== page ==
Players will mostly walk around areas, sometimes filmed from weird angles, looking for interesting spots to investigate and for objects to collect while also talking about the situation with other survivors and deciding on the best way to act in the near future.
From time to time, the quiet exploration and discussion is interrupted by sharp and sometimes surprising action sequences where players can bash in some zombies via the mechanic of quick button presses, either on the mouse or on a controller.
The combination actually works, mostly because action is used sparingly and because the various locations and characters are interesting to explore and talk to.
The Walking Dead is also helped by the fact that interactions between the various characters feel weighty and interesting and there’s quite a lot of foreshadowing linked to the events that will take place in the next episodes and the way some choices will play out.
The big problems are the small environments, which at times feel designed to actually limit the options that the player has and the weird way of interacting with things, relying on a pre-interaction choice in order to give something to another character rather than organically folding the interactions in the conversations.
This is neither a full adventure nor a third-party action game, but it manages to get some of the best parts of both genres and, more importantly, the mechanics fit the tone and the concept of The Walking Dead.
Graphics and audio
The engine used in The Walking Dead seems to be the same one that Telltale Games has used in most of its recent adventure game projects and that is both a good and a bad thing for this undead experience.
The cartoon take on the concept is clearly designed to hide the potential problems and the approach works most of the time, especially when the characters are in close quarters to one another, but a drop in quality is clearly visible in some textures and when a significant number of zombies is included on the same screen.
One annoying element of the graphics engine is that almost all female characters have very masculine movements, which can be quite jarring at times and tends to take me out of the game and limit my connection to them as characters.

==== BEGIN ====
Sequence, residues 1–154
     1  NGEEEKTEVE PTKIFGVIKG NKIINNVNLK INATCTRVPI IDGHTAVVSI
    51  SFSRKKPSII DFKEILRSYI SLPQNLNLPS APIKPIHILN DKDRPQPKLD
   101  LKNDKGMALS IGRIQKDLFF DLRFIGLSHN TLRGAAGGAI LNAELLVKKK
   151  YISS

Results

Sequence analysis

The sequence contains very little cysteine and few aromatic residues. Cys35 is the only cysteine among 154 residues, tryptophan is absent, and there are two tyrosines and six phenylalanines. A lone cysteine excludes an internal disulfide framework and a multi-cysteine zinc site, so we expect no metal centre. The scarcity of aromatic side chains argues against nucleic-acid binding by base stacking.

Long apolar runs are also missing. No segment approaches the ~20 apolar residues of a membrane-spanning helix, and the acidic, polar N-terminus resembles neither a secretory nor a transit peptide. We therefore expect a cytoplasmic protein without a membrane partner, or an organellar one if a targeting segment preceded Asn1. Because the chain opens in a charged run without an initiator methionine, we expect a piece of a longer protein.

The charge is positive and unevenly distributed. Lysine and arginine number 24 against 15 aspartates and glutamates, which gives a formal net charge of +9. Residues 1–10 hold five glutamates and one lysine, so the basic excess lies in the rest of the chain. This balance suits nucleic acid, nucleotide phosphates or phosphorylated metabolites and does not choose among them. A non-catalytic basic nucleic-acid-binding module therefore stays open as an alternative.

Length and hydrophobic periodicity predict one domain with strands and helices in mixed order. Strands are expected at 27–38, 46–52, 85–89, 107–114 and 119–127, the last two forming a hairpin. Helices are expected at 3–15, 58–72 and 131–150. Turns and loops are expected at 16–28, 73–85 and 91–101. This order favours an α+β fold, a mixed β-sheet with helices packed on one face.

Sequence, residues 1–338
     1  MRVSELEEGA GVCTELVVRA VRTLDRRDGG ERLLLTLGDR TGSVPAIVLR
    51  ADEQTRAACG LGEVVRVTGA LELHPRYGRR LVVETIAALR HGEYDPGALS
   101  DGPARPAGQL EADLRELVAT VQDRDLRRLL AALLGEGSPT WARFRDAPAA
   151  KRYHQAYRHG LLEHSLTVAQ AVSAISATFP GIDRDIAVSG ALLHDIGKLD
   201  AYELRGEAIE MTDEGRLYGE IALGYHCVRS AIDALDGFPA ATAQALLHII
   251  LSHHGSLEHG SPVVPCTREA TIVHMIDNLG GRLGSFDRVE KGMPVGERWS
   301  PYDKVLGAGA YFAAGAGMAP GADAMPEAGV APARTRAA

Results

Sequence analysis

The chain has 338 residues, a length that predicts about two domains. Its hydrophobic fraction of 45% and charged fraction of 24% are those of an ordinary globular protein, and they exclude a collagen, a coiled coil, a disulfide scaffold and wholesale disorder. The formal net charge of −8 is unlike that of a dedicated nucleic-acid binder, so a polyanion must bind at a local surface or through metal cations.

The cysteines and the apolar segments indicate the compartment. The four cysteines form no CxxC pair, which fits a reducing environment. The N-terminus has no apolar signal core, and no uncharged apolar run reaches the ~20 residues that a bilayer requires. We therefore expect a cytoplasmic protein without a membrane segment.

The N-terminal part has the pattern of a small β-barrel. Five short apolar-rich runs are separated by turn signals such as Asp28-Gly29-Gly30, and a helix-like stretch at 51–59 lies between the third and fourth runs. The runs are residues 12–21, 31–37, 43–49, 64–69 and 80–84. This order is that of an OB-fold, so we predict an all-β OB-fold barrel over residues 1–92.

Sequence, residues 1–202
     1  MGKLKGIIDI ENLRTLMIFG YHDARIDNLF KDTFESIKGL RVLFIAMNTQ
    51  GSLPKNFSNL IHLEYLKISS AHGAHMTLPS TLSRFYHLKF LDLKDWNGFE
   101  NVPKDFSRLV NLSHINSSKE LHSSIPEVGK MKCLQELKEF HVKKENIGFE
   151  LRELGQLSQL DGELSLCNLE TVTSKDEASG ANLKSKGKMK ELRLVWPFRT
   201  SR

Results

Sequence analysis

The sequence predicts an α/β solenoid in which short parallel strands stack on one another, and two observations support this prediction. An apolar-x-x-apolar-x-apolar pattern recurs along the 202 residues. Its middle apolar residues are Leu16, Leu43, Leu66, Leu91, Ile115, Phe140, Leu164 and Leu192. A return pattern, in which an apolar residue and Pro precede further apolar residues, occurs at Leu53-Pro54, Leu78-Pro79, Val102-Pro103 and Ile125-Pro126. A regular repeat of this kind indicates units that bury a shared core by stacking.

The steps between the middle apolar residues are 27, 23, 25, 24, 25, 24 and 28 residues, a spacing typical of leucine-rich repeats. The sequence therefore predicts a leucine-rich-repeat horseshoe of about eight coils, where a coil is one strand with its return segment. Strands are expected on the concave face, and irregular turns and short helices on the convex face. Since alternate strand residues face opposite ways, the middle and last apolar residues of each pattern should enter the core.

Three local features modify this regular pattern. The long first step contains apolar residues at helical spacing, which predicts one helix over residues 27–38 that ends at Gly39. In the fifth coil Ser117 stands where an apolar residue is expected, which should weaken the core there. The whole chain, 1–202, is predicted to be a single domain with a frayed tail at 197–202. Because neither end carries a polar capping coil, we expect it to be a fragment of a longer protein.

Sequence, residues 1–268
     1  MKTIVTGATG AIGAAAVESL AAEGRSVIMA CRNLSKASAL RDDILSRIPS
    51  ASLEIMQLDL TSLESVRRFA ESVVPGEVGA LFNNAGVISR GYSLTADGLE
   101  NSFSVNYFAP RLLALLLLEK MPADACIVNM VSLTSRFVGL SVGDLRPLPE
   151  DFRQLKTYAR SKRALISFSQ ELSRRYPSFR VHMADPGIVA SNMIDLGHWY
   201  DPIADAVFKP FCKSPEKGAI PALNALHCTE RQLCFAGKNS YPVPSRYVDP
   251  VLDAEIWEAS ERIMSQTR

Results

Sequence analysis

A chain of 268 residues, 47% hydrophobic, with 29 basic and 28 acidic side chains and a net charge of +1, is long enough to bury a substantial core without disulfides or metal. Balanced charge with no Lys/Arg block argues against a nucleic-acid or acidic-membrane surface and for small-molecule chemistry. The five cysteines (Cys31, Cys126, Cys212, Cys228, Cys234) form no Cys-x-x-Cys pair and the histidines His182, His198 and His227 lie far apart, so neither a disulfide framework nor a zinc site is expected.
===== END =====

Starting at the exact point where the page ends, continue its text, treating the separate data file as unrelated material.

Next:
Telltale has paid attention to the voice work and uses it well to enhance the atmosphere of the game, mainly when it comes to the main character and his young sidekick.
Everet himself comes across as fairly gentle and bright, but there are sections of the game when his delivery grows steely and an edge, linked to his past and his demons, creeps up, nicely setting up a number of possibilities for the next few episodes.
The music also contributes to the engaging world of Walking Dead, although it tends to grow a little repetitive even given the short nature of the game.
It’s highly unfair to judge a planned five-episode series by only looking at the first one, especially considering that a player who is careful and pays attention can get through it in about three hours, but I would say that The Walking Dead is a good way of experiencing an undead apocalypse with a character focus in adventure form but also a clear sign of the limited Telltale Games approach.
The Walking Dead is a good experience, even if it sometimes frustrates as simply a game, both for those who know the universe on which it is based and for those who one day plan to explore it further.
It also sets up a good story, some interesting characters, and it uses simple mechanics to make players care about their actions and their words.
But, despite all this, it feels a little underdeveloped because there are clear limits to what the player can do and, even worse, to the fact that the development team itself cannot address those limits in the coming episodes for The Walking Dead.